- Donations: Along with financial donations to organizations promoting foster care and adoption in Oklahoma, you can also help by donating gifts and unneeded items to many organizations. Toys, child clothing, car seats, books, and many other items are always welcome.
Becoming a Foster Parent or Adoptive Parent
While not everyone is ready or able to foster or adopt a child, the process isn’t as hard as you might think. Registering to adopt an older child or to be a foster home doesn’t take much time, and specialists will help you with the process.
To sign up as a foster parent, start at the OKDHS website and learn about the qualifications needed. Among other qualifications, you will need:
- To be above the age of 21;
- To pass OKDHS foster parent training;
- To pass a federal background check, as must every member of your household above the age of 13;
- To have a home with adequate sleeping and living space for the foster child.
You will also need to provide references and demonstrate proof of income and financial stability. If you have more questions about becoming a foster parent in Oklahoma, you can learn more on the OKDHS website or contact their Foster Parent Hotline at 1-800-376-9729.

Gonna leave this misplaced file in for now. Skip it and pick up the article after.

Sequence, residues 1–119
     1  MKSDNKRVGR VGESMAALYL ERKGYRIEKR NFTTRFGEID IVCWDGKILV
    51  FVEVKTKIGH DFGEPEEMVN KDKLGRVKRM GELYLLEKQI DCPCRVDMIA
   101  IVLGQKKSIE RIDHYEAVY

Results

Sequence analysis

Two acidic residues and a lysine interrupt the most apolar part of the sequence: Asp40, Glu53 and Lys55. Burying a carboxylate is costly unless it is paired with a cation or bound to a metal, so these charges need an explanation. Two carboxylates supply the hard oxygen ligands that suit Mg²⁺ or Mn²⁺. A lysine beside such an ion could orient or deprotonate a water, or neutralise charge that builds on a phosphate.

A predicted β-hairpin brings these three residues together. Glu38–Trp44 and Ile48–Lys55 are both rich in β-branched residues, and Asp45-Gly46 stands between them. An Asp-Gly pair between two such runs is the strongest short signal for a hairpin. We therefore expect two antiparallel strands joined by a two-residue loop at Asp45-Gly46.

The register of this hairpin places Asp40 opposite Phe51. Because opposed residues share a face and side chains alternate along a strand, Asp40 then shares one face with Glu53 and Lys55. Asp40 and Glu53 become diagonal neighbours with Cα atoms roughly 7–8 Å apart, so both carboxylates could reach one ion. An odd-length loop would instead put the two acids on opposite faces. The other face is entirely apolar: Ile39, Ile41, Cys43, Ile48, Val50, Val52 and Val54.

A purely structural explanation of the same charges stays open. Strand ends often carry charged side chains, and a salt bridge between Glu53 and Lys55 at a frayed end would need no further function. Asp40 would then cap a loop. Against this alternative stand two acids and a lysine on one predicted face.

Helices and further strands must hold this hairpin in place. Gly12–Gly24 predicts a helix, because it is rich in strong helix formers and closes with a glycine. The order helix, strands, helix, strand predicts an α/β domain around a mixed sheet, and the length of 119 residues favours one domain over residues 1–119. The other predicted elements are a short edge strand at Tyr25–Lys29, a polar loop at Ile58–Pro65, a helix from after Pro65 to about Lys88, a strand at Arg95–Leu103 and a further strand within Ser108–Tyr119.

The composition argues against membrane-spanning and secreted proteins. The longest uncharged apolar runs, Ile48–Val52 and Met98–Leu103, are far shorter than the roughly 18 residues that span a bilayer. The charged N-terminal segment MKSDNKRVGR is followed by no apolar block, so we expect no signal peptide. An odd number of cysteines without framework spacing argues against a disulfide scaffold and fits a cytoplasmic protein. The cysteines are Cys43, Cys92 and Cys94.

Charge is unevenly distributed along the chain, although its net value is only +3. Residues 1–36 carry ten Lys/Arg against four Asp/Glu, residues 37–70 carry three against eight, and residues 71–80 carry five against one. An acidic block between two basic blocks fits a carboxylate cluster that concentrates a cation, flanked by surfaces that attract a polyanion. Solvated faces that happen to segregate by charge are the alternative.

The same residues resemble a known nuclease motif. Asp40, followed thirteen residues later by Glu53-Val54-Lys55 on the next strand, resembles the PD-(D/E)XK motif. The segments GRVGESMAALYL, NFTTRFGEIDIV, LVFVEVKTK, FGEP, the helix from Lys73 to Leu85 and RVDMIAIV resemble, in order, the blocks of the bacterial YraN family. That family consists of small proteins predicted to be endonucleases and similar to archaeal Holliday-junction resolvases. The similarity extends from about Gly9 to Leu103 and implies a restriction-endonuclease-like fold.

The process to adopt a foster child is longer and more involved, but it is also one of the most compassionate ways to help a child in need. Our website has lots of information about the process of adopting an older child in Oklahoma. You can learn more about the qualifications for adopting an older child, or read some of the stories of our created families online.
No matter how you choose to help, your time and effort is invaluable to the waiting children of Oklahoma. If you want more information about National Adoption Month and how you can help children in need, contact us today at Deaconess Pregnancy and Adoptions. As Oklahoma’s first and oldest adoption agency, we have more experience than anyone at helping Oklahoma’s children. Call us at (405) 949-4200 or visit our Facebook page to learn more about our activities and how you can join us.